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John shares his thoughts about Amazon.com and the publishing industry


VJ Books is an independent bookstore - we are the largest indie on the internet - we don't have a brick and mortar storefront. We specialize in collectible books, sponsoring 50 or so author signings each month. Unlike most stores, we continue to acquire backlist titles in an attempt to provide our customers with a path to their favorite author's earlier works.

We are often frustrated with Amazon, as they consistently price their books at or below what we pay for the same title. However, they are not our competition. We offer signed, collectible 1st editions - they do not. In fact, they provide us a place to reach potential customers, as our inventory is also listed on Amazon (just click the "collectible" link next to a title).

Amazon is good for the book industry. Okay, I said it - Amazon is good. They grow the market by offering the largest inventory of titles by the most authors at reasonable prices. New readers who are exposed to books and authors through Amazon's aggressive marketing philosophy are potential customers for VJ Books, as they learn to love books, and eventually seek a collectible copy of their favorite title.

I have read both the letters by Doug Preston and Joe Konrath concerning the raging war between Amazon and Hachette, and have been reluctant to wade into these turbulent waters. I consider both Doug and Joe as friends - they have both been good to us for many years.

My hope is that this conflict will soon find resolution, but I must raise my voice on the side of Amazon. Konrath, more eloquently than me (he's a gifted writer - I am not), has clearly communicated the strangle hold, and how the "big five" has control over who and what gets published. Now with the merger of Penguin Putnam and Random House, fewer people are actually choosing what we will see in print.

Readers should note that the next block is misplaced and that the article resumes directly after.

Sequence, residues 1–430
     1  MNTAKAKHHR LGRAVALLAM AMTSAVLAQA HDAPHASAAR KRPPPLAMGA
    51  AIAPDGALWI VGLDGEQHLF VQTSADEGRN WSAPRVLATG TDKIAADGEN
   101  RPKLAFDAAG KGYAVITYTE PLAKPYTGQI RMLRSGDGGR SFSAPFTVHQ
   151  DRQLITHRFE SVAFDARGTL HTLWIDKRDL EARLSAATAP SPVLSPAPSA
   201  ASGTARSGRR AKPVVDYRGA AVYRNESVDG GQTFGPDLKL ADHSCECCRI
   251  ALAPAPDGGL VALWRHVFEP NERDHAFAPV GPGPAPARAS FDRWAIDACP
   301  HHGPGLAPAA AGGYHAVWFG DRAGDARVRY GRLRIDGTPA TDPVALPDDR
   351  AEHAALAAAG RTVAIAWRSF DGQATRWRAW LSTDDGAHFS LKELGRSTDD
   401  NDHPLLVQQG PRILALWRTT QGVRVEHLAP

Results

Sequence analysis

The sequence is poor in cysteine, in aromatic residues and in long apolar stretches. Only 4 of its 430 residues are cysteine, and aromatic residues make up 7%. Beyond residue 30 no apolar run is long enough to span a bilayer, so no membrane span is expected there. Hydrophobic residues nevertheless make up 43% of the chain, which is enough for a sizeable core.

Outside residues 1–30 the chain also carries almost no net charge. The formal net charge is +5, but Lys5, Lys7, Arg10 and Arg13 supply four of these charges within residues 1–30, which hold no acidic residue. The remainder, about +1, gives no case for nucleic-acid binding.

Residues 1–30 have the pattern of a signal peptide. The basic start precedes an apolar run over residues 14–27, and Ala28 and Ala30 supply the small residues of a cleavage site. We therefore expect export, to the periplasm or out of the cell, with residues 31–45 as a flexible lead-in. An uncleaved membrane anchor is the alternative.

Through our imprint, Norwood Press, we have embraced some of these issues, as we seek to publish titles by authors who have been dropped or overlooked by the conventional publishers. Recently, we have launched a Kickstarter Campaign to assist us in producing our fourth title by Alan Jacobson, SPECTRUM.

http://www.kickstarter.com/projects/962304490/publish-spectrum-a-thriller-by-alan-jacobson?ref=nav_search

Amazon has made it possible for many authors not only to survive, but to thrive, as the book industry seeks a new equilibrium. Starving artists seldom produce much art - they just starve, and we are denied the miracle of their talents.

"New York Publishing once controlled the book industry. They decided which stories you were allowed to read. They decided which authors were allowed to publish. They charged high prices while withholding less expensive formats. They paid authors as little as possible, usually between 2% and 12.5% of the list price of a book.

Amazon, in contrast, trusts you to decide what to read, and they strive to keep the price you pay low. They allow all writers to publish on their platform, and they pay authors between 35% and 70% of the list price of the book." (From the Writer's Petition)
http://www.change.org/petitions/authors-to-thank-our-readers-2?share_id=wvbpaxUMuJ&utm_campaign=autopublish&utm_medium=facebook&utm_source=share_petition

We at VJ Books believe that the surest way to insure the creative process is by treating authors fairly, and with respect - and by assuring them that they will receive the lion's share of the profit gained from their labor. We regret that many of the authors we once promoted, and whose books our customers came to love, have moved from print to digital formats, but we salute them for their continuing to create, keeping their voice alive.
To Joe Konrath, Blake Crouch, Alan Jacobson, Barry Eisler and all our other friends now residing on Amazon - thank you, and keep up the good fight.

John Hutchinson
VJ Books
July 2014

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